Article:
The release of the film Dunkirk has brought the horrors of World War Two into sharper focus and has underlined the significant improvement in care for Post-Traumatic Stress Disorder (PTSD) in the decades since.
The film, directed by Christopher Nolan, recounts the evacuation of allied soldiers from the beaches of Dunkirk in Operation Dynamo between 26 May and 4 June 1940.
Dunkirk veteran Colin Ashford went to a screening of the film with Prince Harry and revealed that symptoms of PTSD (then known as ‘shellshock’) still return in moments of difficulty or stress. At the time, little was understood about the condition, though support for forces leavers has improved immeasurably.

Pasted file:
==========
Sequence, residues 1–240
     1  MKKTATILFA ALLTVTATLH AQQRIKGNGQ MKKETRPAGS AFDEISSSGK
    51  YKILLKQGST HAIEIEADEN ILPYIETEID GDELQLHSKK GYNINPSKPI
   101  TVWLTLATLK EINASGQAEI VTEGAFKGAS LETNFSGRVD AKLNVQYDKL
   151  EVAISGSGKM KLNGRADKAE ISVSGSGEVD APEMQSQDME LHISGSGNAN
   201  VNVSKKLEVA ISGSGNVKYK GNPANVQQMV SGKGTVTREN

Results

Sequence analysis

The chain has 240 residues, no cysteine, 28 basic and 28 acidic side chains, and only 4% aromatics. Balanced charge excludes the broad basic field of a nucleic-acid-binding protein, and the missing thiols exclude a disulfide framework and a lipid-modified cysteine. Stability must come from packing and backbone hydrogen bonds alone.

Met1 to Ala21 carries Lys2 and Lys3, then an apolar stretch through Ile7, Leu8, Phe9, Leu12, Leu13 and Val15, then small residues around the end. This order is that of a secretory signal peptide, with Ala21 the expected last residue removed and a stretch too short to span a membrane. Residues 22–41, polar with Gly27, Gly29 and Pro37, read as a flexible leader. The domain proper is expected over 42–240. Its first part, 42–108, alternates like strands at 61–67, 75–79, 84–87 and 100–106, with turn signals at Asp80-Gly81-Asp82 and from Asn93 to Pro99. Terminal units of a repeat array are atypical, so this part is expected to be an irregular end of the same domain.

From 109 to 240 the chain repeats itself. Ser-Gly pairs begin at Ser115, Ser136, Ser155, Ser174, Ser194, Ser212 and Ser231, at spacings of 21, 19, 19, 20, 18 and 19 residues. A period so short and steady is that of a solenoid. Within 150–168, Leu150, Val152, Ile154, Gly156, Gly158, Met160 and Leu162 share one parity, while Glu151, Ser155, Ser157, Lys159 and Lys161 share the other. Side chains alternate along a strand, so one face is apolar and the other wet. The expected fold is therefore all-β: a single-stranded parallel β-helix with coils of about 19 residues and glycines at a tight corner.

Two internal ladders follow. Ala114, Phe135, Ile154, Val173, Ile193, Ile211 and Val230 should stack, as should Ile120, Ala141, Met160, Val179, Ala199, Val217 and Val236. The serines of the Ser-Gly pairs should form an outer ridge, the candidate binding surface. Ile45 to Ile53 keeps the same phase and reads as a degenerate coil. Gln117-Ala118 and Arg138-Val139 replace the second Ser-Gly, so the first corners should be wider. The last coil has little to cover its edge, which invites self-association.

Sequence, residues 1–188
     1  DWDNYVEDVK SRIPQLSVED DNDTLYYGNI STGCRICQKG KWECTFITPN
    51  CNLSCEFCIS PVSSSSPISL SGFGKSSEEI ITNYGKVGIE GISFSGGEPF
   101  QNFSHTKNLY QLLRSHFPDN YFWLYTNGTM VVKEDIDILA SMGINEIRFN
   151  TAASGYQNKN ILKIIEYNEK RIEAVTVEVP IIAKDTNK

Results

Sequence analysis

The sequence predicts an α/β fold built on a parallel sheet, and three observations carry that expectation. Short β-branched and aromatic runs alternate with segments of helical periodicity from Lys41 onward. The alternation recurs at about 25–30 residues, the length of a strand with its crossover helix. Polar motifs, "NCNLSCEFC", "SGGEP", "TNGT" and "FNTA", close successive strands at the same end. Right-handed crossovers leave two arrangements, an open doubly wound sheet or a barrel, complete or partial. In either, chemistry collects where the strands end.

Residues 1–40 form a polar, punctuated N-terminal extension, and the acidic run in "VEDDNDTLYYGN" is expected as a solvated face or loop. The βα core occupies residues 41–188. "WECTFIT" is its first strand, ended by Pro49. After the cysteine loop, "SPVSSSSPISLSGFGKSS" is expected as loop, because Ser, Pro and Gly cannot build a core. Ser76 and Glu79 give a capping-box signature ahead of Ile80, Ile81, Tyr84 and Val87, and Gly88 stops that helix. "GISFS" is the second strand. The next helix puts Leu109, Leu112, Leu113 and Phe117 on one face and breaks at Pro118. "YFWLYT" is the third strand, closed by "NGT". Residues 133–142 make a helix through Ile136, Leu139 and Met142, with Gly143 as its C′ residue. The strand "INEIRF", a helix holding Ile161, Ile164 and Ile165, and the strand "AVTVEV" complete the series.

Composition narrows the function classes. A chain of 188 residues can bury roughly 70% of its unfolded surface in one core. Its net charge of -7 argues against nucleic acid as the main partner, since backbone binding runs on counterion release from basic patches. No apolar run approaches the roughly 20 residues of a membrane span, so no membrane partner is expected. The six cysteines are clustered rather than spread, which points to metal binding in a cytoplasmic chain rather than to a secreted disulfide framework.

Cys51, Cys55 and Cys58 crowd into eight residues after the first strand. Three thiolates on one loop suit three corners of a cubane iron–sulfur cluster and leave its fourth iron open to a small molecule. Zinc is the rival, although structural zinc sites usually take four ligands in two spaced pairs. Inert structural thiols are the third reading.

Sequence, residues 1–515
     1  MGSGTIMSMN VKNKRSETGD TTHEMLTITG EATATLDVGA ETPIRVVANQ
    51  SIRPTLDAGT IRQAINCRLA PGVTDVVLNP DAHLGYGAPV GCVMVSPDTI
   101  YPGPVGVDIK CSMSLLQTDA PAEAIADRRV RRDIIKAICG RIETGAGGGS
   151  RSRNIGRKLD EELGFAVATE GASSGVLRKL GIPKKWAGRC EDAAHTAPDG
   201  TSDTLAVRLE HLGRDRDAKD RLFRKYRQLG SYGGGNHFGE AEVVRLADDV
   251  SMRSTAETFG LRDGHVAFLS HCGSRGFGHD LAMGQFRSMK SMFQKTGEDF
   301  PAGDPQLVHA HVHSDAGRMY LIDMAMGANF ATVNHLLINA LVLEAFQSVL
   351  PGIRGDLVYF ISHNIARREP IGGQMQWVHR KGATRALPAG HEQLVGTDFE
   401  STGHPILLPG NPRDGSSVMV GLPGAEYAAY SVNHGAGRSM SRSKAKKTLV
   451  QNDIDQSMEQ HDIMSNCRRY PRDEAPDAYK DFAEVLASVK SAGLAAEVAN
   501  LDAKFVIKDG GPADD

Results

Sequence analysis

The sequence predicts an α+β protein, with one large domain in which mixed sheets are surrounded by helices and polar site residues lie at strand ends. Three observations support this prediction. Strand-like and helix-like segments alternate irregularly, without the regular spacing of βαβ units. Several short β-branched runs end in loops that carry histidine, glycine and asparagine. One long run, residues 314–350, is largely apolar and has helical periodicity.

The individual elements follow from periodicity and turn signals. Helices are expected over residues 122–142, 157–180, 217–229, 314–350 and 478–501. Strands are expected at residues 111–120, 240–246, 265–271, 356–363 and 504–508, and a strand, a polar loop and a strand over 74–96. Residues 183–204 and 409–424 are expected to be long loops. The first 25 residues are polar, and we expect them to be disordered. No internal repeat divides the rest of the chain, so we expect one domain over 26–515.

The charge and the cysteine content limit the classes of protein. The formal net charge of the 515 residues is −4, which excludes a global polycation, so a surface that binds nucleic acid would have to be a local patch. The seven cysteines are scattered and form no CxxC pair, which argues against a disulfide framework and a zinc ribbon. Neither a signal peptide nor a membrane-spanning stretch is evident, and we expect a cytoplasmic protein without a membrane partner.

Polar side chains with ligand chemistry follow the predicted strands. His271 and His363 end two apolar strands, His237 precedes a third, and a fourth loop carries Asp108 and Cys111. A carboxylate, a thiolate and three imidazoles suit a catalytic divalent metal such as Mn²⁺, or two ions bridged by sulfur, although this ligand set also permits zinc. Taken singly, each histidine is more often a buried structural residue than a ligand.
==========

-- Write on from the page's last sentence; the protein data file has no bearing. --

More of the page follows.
Ahmed Al-Nahhas, Partner in the military team at law firm Bolt Burdon Kemp, works with veterans affected by PTSD, and advises that the condition “can develop as a result of exposure to stressful and traumatic events”. However, he indicates there are now systems in place to provide support.
Ahmed told QUEST: “As a service person, you are owed a duty of care by your military doctors and superiors. They should be trained to look out for symptoms and to help you get treatment. This includes reviewing your duties and medical grading, as well as giving you time to adjust to work.
“The symptoms of PTSD can lay dormant for many years, so if you find yourself suffering after your military career has ended, you should speak to your civilian GP.
“Early treatment can lead to a quicker and better recovery, so please don’t suffer in silence. There are a number of treatments that can be offered, such as therapy and in some cases medication.
“There are also a number of charities that specialise in helping veterans suffering from PTSD, perhaps best known are ‘Combat Stress’, and many of which provide free treatment and guidance.”
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